–  Symptomatic – isolate for a minimum of 10 days, or until symptom free for 24 hours (whichever is longer)

     –  Travel or Exposure to a Case – isolate for 14 days or until 24-hours symptom free (whichever is longer) 

4.  Will manufacturers have to close?

  Not at this time. In Manitoba, manufacturers are critical to the operation of the province as a whole and will remain open. Moreover, Canada’s National Strategy for Critical Infrastructure defines critical infrastructure as the processes, systems, facilities, technologies, networks, assets, and services essential to the health, safety, security or economic well-being of Canadians and the effective functioning of government. The Strategy classifies critical infrastructure in Canada according to ten sectors, of which manufacturing is one.

5.  Does disinfectant fogging work?

  Disinfectant fogging, whether electrostatically charged or conventional surface sprayers, can be an effective tool for large area disinfecting processes but it is critical that you follow the four C’s: Chemistry, Concentration, Contact Time and Coverage. To be effective, any chemical must be applied as per the manufacturers recommendation by staff trained in its application. Even the best products reply on human application so select your vendor carefully.

6.  Are face shields effective?

  Not as a stand lone control measure, but as part of a layered approach to infection control face shields can be very effective.

7.  Are masks effective?

  Yes, but not all masks are created equally. Ensure that you know what masks are being worn and what performance level can be expected from each.

8.  Do I have to disinfect the workstations for every isolation order or positive test?

  Yes, this is a reasonably practicable step as required by certain legislation. It will likely not be necessary to close down your entire facility, but you will need to disinfect specific areas of concern.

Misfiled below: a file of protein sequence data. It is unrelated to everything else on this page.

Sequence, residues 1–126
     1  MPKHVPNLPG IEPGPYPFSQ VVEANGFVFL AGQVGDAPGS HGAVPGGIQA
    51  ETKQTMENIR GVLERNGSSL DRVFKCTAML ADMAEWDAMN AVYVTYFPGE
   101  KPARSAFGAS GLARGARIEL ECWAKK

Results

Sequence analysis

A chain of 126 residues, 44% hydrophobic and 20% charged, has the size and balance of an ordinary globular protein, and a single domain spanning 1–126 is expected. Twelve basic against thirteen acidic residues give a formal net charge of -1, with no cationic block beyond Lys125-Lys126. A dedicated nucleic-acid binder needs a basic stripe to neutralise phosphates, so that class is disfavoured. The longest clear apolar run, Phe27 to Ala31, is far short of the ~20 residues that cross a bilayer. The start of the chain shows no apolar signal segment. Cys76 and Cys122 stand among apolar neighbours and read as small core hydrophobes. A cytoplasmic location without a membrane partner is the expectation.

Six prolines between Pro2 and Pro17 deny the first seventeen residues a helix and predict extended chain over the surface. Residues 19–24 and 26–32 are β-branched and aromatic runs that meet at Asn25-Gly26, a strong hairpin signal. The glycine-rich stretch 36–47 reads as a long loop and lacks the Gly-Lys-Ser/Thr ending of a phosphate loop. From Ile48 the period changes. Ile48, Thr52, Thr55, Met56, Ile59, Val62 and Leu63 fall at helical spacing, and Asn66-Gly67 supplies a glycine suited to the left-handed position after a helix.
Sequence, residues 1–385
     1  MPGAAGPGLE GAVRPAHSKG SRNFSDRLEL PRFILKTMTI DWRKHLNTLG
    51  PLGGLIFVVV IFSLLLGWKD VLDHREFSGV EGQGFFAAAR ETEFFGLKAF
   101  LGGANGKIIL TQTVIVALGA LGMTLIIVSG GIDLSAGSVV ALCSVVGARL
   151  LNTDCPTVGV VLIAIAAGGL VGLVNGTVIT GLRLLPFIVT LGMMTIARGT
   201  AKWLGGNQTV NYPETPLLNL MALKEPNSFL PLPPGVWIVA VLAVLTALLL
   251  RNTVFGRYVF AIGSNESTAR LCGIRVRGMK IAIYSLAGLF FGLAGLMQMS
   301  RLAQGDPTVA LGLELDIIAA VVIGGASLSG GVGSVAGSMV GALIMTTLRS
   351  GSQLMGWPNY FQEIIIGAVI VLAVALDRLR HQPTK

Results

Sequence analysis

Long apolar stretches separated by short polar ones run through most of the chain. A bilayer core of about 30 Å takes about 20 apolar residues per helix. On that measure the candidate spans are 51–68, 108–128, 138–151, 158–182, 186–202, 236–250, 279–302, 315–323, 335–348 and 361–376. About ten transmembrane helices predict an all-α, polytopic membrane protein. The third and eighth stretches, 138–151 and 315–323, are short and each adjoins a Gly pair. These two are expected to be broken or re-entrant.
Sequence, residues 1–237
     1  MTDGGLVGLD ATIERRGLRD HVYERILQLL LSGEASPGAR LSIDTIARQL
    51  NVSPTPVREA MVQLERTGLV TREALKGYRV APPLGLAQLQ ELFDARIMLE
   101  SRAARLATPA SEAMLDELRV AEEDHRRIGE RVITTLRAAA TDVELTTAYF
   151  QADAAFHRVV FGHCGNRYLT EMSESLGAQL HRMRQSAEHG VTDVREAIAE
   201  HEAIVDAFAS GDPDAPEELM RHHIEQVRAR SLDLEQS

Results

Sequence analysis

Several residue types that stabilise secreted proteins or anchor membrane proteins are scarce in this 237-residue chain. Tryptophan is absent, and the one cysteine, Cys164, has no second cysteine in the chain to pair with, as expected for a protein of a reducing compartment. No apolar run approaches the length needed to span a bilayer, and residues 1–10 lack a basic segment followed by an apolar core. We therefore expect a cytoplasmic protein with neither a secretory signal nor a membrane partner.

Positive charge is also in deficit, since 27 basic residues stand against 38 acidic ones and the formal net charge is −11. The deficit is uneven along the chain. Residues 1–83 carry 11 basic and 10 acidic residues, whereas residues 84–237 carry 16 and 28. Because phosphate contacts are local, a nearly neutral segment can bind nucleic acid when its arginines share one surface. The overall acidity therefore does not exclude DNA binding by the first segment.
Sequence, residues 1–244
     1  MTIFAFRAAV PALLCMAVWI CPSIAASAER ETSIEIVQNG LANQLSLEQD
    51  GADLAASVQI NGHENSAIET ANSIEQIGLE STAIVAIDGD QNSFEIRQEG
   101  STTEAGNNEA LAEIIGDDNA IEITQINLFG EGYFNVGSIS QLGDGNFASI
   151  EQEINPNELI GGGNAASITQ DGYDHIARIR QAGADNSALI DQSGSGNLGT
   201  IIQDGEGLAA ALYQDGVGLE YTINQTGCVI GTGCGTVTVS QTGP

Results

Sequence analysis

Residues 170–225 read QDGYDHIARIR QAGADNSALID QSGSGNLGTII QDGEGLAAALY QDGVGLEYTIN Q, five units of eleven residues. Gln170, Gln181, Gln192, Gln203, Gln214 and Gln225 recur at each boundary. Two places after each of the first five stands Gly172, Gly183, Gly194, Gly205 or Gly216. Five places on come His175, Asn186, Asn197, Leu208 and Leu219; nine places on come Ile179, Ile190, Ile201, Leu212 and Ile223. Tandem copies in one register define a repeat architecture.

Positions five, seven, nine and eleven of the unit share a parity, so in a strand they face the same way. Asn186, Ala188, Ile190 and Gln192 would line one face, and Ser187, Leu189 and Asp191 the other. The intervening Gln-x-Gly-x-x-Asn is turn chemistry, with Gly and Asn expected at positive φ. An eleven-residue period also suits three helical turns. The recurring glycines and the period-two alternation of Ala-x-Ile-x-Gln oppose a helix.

9.  What should I do if someone in my employee’s household is symptomatic?

  Manufacturing workers are expected to stay home and self isolate if someone in their household is symptomatic. In Manitoba, all members of the household must also self-isolate pending test results, although there are exemptions for asymptomatic workers in the healthcare and education fields. However, they must wear medical-grade masks at all times while at work.

10.  How do I set up a cohort in my workplace?

  Identify groups of workers that must work in close proximity (manufacturing cells).

  Attempt to reduce frequency and duration of close contact.

  Identify break areas, washrooms, and other locations that will be specific to each cohort.

  Designate and sign those areas for those cohorts and remember that communication is key.

  Identify workers who will cross cohorts (supervisors / maintenance / technical services / etc.) and make every effort to:

     –  Limit the interactions

     –  Limit the duration

     –  Layer the protections during interactions (mask and face shield)

  For more information, refer to the Social Distancing in the Manufacturing Workplace tip sheet here.

11.  Does the type of mask you wear matter if you are within 6 feet?

  Yes and no. The protection you receive varies greatly form mask to mask, and it shouldn’t be a surprise that a properly fitted N95 provides the wearer with the highest level of protection. For the purposes of contact tracing, the public health authorities will not take into account whether or not your workers are wearing masks if they are inside that 6-foot radius.